Thousands of Israelis marched on Saturday against their hardline government’s controversial plans to reform the judiciary, as the protest campaign showed no signs of abating nearly five months after it began.
The main protest took place in Tel Aviv, Israel’s economic hub on the Mediterranean, with other smaller protests across the country. Last Saturday, grassroots protest organizers canceled the weekly rally due to security concerns after Israel opened fire with militants in the Gaza Strip.
Protesters want the plans by the most hardline government in Israel’s history to be canceled rather than delayed, as Prime Minister Benjamin Netanyahu announced in March.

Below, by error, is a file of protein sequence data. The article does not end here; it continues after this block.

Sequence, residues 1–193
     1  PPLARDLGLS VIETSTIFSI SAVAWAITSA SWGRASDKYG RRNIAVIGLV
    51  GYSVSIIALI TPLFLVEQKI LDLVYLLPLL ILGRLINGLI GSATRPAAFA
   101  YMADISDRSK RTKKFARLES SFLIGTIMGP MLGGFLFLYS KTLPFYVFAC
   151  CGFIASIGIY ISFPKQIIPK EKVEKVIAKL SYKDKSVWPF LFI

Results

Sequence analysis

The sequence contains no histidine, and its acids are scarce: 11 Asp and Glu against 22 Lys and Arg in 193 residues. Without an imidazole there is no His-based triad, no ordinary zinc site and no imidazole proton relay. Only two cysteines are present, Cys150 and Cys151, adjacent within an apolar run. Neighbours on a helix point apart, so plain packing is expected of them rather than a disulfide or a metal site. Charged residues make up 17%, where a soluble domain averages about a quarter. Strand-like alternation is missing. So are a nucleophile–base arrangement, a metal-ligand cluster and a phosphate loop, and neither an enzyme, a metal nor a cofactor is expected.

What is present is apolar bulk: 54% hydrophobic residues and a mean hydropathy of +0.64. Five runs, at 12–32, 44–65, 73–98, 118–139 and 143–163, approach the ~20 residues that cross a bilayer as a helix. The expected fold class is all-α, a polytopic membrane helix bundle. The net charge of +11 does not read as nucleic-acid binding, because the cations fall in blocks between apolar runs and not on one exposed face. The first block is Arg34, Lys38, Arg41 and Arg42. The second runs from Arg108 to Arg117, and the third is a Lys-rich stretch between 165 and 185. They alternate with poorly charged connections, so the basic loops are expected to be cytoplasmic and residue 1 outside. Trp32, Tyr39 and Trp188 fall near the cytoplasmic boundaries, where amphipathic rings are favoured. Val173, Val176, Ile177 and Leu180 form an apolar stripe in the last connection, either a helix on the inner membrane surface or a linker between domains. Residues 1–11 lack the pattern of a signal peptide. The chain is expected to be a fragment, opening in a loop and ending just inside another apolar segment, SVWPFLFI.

Earlier this week, Israel’s president hosted representatives from government and opposition parties to discuss legal changes as the parties tried to reach an agreement.
The plans plunge Israel into one of its worst internal crises, opening long-standing social rifts and creating new ones. While the law freeze eased tensions somewhat, Netanyahu’s allies are pressing him to pursue reform.
Supporters of the plan, which would weaken the Supreme Court and limit judicial oversight of lawmakers and government decisions, say it is necessary to rein in an interventionist court and restore power to elected lawmakers.
Critics say it would upset Israel’s fragile system of checks and balances and threaten its democratic foundations.
Netanyahu, who is on trial for corruption, faced criticism over the legal plan from a wide cross-section of Israeli society, including business leaders, the booming tech sector and military reservists, who reported for duty when the plan was approved. Threatened not to.